Edmonson said SkyCaddie's technology provides instant access to the vital course information golfers need to play their best golf. Now golfers have at their fingertips information that was previously unavailable, without slowing down the game by pacing and calculating, allowing them to spend more time focusing on their next shot. According to RankMark, an independent golf equipment testing company, SkyCaddie improved scores of test participants on average by 5 strokes per round and saved them up to 25 minutes per 9-holes.
Wow, no kidding?
"The GCAA is excited about the impact range-finding devices will have on college golf and potentially the pace of play," said GCAA Executive Director Gregg Grost. "We believe SkyGolf's innovative SkyCaddie GPS range-finding system will be beneficial to college players and coaches at all levels."

It's a wonder that the game survived the pre-GPS era.


Hold The Commissioner's Calls Today

Nascar's new TV deal: $4.5 billion for 8 years.

"The bottom line is, Nascar is a national sport with very large ratings," George Bodenheimer, ESPN and ABC Sports president, said yesterday in a conference call with reporters. "Secondly, obviously the sport is extremely fan-friendly and sponsor-friendly. We're very bullish on the sales prospects of this property."


"We at Fox believed in it, the folks at Nascar preached it and it was just a matter of Madison Avenue catching up, and it was really in black and white," said Ed Goren, the president of Fox Sports. "All they had to do was see the ratings that Nascar was generating on Fox."

No mention of demographics. Just ratings.


Questions for 2006

Alan Shipnuck poses 10 questions and answers for 2006. All are spot-on (well, I'm not sure how many of us are wondering if Jay Haas is tough enough to rule the Champions Tour). This is his final question:

10. Will there be a throttled-back ball for pro competition? A definite maybe. Woods has been talking as if such a ball is inevitable, and he always seems to be the first to know. 

If you want to see where Tiger talks if such a ball is inevitable, here's the link to the interview. 


Monty: Hoylake Very Good...And I Haven't Been There

From Wednesday's Target World Challenge softball session

Q. Have you played much at Hoylake?

COLIN MONTGOMERIE: I haven't played there at all. I haven't played the course at all at Hoylake. As an Open venue I think it will be very, very good. Obviously there's been some changes since they've played any other tournament there. There are some new tees, as there has to be with an Open. Even St. Andrews had four new tees. So if they can change that, they can change anywhere.

There will be some new tees that the members haven't seen before, and I think it will be a good Open venue. It's been a great course for 100 years, we just haven't used it. I think it will be a super venue. As regards to playing the course, I haven't played there. I haven't been there.


"New Look" Remodel of Another Best New

Just in case you were on the fence about booking a trip to Doral, this press release might help:

Norman’s Use of Coquina As Primary Design Element Makes Great White Only Course Of Its Kind In The Southeast; One of Five Championship Golf Courses On-Site At Famed Doral Resort
Miami, Fl. – December 6, 2005 – Doral Golf Resort & Spa, A Marriott Resort, home of the famed Blue Monster Golf Course and the PGA TOUR’s Ford Championship at Doral, today unveiled the “New Look” Great White Golf Course, one of five championship golf courses on property at the luxury resort.   A Greg Norman design, the refined Great White Golf Course was officially re-opened on December 6, as Norman, Marriott executives, VIPs and media all participated in an inaugural round in South Florida.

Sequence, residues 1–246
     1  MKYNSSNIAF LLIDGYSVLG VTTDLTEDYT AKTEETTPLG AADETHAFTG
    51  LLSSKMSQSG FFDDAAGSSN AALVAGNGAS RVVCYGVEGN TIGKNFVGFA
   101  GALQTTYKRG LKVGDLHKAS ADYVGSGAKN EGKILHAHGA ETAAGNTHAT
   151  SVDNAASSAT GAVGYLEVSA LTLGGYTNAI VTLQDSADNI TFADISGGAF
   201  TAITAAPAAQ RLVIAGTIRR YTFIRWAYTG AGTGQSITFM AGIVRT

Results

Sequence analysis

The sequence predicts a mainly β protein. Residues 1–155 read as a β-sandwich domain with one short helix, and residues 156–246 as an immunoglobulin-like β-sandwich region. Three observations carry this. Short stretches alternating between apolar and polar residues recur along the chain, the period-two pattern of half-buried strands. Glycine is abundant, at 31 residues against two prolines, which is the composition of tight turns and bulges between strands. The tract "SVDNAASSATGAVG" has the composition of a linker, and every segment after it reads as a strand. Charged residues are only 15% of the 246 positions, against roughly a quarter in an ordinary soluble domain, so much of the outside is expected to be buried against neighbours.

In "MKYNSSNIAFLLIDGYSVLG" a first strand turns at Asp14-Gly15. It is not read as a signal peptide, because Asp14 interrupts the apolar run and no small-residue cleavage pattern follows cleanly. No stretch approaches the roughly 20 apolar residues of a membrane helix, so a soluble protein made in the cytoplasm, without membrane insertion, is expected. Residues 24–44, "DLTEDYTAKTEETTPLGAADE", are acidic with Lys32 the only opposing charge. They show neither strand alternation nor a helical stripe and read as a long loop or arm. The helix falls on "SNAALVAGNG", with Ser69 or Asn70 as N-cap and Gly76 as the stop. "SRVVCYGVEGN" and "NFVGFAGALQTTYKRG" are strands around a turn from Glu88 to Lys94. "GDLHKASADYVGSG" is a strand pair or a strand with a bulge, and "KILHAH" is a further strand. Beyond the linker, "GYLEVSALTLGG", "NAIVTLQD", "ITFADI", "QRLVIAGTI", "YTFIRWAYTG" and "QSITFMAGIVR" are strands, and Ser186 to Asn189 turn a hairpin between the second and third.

Didn't they just redo this course a few years ago, say 2000?  Sorry, I interrupted before the best part.

The 7,171-yard, par-72 Great White, a Greg Norman Signature Course, is the only golf course of its kind in the Southeastern United States that utilizes coquina -- crushed shells -- as the primary design element on every hole.  In creating the Great White, Norman blended strategically demanding fairways with hundreds of palm trees and sporadic Scottish-style bunkers.  He then laid out the course in a manner where water comes into play on 14 of the 18 holes, which makes for a challenging, but picturesque Great White Golf Course.

Coquina? Sounds like Tony Montana's little friend.

On the heels of Marriott International assuming management of the property in August 2004, the Great White has undergone a series of refinements designed to further enhance the course, which was rated as The Best New Golf Course when it opened in 2000, according to the National Golf Foundation. 

The National Golf Foundation has a ranking? There's a news flash from the city. Oh, and another Best New goes under the knife. What is it with these Best New's lately?

“With increased areas of turfgrass and the liberal use of crushed coquina shells, we have enhanced both the challenge and the playability of this golf course,” Norman said. “It’s a departure that complements the other four courses at Doral very well.”

Oh, this must have been the one that was too hard. Well maybe they got it right this time.


Tiger On Target

TargetWorldLogo05.gifTiger Woods met with some of the games great scribblers on Tuesday to kick off the Target World Challenge week. Beforehand, he bombed drives out of the Sherwood Country Club range despite a headwind. More impressively, he then hit slice and draw wedges on the range for a handful of lucky folks, including his mom who had endure some annoying instructor telling her his life story. She's a saint. 

Anyway, I've never seen anyone draw or slice a wedge. These were not gently falling cuts or slight right-to-lefters helped by the wind. Draws and slices to a target 80 yards away. Amazing stuff.

The relaxed press conference took place in the claustrophobic Sherwood cart barn, where yours truly was on hand to take in the proceedings. The highlights:

Q. When did you know you wanted to open the learning center? How old were you and why is it so important to you?